The terms “Condo association” and “HOA” might be used interchangeably, but an HOA is actually for homes and townhouses only. Both have rules to keep the property and common spaces safe and well-maintained. However, HOAs in particular can be notorious for their strict rules regarding exterior paint color, landscaping, and even outdoor holiday decor. 

“It’s always very important if there is any type of homeowners association that [homeowners] understand and get clarity as early as possible on what they are responsible for,” Beauchamp says. That includes financial commitments and what those fees go for. Most importantly, buyers need to comprehend what they are responsible for in terms of maintaining their home, “which is typically, in essence, everything,” she says.

For example, if you have to replace an appliance in your townhouse, that’s on you to purchase it and schedule its installation. In a condo, you might have to go through a rigorous process with a vetted appliance company/installer. 

In short, you’ll most likely have to check in with the property manager and/or condo association before you make any repairs or improvements in your condo. That’s not usually the case with a townhouse. 

Varying Levels of Privacy

Most condos are like apartments, in that you’re sharing multiple walls with your neighbors — not to mention the hallway that leads to your entrance if it’s in a high-rise building. You’d have to score a top-floor corner condo to have the most privacy, and it should come as no surprise that it would be among the priciest condos you’ll encounter on a house hunt.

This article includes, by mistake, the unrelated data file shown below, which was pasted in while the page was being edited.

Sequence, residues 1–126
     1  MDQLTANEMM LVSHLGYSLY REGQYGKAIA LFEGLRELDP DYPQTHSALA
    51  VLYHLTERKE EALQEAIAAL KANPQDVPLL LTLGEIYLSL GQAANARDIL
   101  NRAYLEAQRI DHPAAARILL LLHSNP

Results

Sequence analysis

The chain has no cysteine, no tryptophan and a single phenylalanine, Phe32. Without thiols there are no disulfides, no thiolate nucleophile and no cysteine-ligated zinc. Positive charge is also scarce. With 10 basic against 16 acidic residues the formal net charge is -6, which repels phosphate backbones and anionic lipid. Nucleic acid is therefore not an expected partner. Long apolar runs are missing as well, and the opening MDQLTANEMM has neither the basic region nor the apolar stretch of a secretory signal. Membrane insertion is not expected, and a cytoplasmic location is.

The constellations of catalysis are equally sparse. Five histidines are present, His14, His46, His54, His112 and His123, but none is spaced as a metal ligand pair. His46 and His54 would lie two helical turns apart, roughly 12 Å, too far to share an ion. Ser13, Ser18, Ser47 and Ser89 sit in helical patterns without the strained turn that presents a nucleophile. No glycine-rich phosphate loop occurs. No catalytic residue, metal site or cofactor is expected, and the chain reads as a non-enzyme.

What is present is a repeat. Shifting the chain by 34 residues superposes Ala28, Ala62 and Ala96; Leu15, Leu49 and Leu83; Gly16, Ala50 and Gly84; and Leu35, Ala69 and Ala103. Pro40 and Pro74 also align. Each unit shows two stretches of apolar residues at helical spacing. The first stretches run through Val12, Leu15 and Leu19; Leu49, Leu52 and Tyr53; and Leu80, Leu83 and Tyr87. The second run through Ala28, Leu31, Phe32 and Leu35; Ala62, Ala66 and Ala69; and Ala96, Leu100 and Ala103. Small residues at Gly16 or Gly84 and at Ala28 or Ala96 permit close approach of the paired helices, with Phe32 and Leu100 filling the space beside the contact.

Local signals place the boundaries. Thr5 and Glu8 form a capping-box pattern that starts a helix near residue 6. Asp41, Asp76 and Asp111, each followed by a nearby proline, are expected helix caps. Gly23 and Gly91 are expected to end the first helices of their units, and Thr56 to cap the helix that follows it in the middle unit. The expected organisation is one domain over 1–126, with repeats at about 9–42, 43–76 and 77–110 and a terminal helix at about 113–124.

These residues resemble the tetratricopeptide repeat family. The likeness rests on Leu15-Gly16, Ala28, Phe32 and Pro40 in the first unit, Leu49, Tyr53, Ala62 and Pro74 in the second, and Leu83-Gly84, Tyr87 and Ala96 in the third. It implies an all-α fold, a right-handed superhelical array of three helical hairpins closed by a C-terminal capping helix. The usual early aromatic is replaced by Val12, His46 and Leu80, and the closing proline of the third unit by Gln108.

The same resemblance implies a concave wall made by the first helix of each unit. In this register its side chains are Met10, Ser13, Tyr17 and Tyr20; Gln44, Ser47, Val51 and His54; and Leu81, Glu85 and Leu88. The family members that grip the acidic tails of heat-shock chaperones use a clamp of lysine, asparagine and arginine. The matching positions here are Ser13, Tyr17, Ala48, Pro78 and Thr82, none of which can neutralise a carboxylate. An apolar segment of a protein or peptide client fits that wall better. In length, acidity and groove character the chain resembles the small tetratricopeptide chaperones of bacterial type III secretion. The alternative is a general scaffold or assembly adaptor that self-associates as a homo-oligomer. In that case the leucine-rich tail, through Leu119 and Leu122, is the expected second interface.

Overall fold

Condos in some low-rise buildings offer private entrances, with staircases and even elevators taking you to each floor. But if a condo is nestled somewhere in a high-rise, it could take some time to exit and re-enter your home every day — and that’s even if you catch the elevator just as it arrives at your floor. There’s also usually some type of secure double entrance on the ground floor, and many luxury buildings have door staff. 

Townhomes typically have shared walls on one or both sides, but the units are usually single-family, meaning you have no one above or below you in your own unit. (Again, there are exceptions to this rule.) End unit townhomes that share a wall on only one side are highly coveted for (slightly) more privacy, and their price tag can reflect that. Regardless of where your townhome is in the row, it usually is like a regular home with a private, street-level entrance that you alone are responsible for locking and securing.

Access to Outdoor Space

Unless you own a condo with a terrace, you’ll have to settle for sharing outdoor space with your neighbors. In some condo communities, this could mean a pool, walking trails, or a rooftop deck. (Lucky for those who have all three!) 

A townhouse, on the other hand, usually has access to a private front and/or backyard. It’s this reason that homeowners with a flexible budget choose a townhome over a condo.

Your lifestyle preference and budget will likely determine whether you’ll buy a condo or a townhouse, though in some areas prices do rival single-family houses. But aside from how it’s actually classified, your new place should feel like a home above all.